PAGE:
I just slated a book I reviewed for being shallow on analysis and replete with facile Freudian symbols, and I just hope this post, which is about Trump, the US Presidential election and reactions to it, won’t do the same. This is also someone else’s election, in the sense that I couldn’t vote in it and it’s happening thousands of kilometres away, so what right have I to comment on it? The answer, of course, is that, to pluck a cliché out of my well-used bag, when America sneezes the whole world catches a cold.
There are three issues to address here: cults, the manipulation of opinion and evidence for and against electoral fraud. It’s also important to attempt to maintain respect for people, understand their thoughts and feelings on their own basis, and look for similar things in myself, or ourselves, but I’m not you either.
One of the first issues to address is the deeply problematic US presidential electoral system, and I would also level similar criticisms at our own system used in general elections (we don’t get to pick our head of state of course). Presidents are not directly elected by the populace but by an electoral college consisting of representatives from each state. There are attempts to balance these via allowing states with smaller populations to have more votes per capita, and the situation generally reminds me of our old “Rotten Boroughs”, although it isn’t quite as serious as that. The reason for this system is that when the US was first established, communications were poor and would’ve taken a long time, so they had representatives from each state elect the president rather than voters themselves. This situation would be appropriate today for an interstellar republic or empire, but not for a territory smaller than a solar system. But we in Britain also have an awful system. I mention the US one because it’s only marginally democratic compared to other liberal democracies, meaning that Trump actually lost the popular vote but was still able to win because of this system, assuming there was no fraud. There are, nonetheless, claims that there was fraud, as there was in previous elections, but the point is that the election isn’t fair in the first place.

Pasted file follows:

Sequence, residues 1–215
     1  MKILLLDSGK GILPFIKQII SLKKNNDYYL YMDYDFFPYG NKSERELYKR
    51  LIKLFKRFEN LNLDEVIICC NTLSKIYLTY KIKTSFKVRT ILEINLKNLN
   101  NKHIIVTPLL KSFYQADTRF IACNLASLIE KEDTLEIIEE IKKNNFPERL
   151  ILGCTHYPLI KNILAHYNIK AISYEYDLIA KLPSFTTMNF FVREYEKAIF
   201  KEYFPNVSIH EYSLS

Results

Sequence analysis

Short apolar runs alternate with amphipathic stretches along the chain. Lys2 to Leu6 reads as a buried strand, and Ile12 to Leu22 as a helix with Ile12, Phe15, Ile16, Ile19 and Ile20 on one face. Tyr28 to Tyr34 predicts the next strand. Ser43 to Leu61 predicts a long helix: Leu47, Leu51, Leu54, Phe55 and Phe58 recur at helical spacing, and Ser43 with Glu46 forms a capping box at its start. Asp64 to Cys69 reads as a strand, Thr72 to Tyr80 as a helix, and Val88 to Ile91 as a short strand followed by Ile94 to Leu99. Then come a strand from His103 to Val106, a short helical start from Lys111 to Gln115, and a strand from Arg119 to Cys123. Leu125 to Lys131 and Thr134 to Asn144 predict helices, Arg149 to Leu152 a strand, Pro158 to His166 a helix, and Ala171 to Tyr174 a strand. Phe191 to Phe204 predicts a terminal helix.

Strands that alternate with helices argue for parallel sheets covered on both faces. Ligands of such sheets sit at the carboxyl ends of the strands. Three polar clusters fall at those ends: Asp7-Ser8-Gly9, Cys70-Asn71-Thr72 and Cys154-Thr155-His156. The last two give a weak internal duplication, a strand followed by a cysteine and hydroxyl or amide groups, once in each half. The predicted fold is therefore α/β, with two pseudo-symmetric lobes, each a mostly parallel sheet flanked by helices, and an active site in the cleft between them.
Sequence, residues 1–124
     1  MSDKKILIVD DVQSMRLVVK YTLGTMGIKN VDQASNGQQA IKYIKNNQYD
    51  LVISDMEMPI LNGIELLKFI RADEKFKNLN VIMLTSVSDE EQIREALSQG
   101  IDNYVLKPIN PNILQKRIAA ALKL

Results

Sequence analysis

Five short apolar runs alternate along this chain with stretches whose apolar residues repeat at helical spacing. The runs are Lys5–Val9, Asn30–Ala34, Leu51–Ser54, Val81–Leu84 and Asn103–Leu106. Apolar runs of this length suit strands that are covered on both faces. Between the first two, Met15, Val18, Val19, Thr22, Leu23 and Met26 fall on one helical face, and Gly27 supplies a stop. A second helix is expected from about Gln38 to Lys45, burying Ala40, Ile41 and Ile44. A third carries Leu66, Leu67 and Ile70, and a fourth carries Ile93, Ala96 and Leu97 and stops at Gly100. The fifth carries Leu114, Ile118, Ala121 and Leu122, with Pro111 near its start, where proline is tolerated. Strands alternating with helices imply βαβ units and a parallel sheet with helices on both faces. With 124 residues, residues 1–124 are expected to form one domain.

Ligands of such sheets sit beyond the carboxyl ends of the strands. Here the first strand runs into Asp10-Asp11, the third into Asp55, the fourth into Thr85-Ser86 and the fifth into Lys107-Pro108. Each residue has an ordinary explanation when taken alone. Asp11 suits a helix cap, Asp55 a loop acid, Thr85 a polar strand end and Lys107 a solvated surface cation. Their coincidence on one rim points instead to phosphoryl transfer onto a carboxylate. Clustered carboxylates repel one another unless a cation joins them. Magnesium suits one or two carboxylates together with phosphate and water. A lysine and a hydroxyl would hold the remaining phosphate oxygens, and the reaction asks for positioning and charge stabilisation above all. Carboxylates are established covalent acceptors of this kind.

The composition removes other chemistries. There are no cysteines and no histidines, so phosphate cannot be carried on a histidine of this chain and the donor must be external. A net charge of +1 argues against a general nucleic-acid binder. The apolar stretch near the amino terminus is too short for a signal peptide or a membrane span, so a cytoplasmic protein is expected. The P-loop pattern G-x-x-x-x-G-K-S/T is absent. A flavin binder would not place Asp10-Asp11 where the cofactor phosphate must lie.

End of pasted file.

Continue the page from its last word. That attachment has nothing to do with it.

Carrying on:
I’ve sought evidence quite carefully for the claim that the 2020 election was fraudulent and that Trump won by a landslide. These have included photographic and video evidence of shredded ballot papers and ballot papers being packed into suitcases and moved. Against this, I would repeat the following counterclaims (and don’t want to dwell on it): the shredded paper was from envelopes used to post ballot papers, not ballot papers themselves and ballot papers in suitcases are standard procedure. Postal voting is also less susceptible to fraud than voting in person. The problem with pictures which may be mislabelled is that they have a lot of persuasive power, and in the light of deep fakes, the time may have come for us to attempt to interact with social media, to the extent that that’s a good idea anyway, using text-only interfaces where possible. It’s notable also that it’s a lot more difficult to do that than it used to be, not because of a conspiracy but because technology simply changes in that direction – one reason is that it’s harder to find a pre-compiled version of Lynx that runs on the most popular operating systems which supports HTTPS rather than just HTTP, although it is possible. Returning to my point, we need to be careful not to treat images as worthy of worship, as it were. Not that text-based interaction is without its problems.
It is of course easy to make a claim about an image of shredded paper or ballot boxes in suitcases, in either direction. Less easy is streamed video evidence of volunteers counting ballot papers which was publicly available after the election, which I presume is archived. That too could be faked of course. However, the counters concerned are often members of the Republican or Democratic parties themselves or simply ordinary members of the public, so one way of keeping an eye on the process, which in this case would’ve happened from both sides of that two-party system, would have been to volunteer to count the votes oneself. I don’t know if this happened or not among the people who claimed the election was rigged. But if you know and trust someone who did it, you presumably trust the process more, at least locally. That said, I can certainly relate to disengagement with party politics. This division between people who have washed their hands of the process and feel disenfranchised says a lot in itself.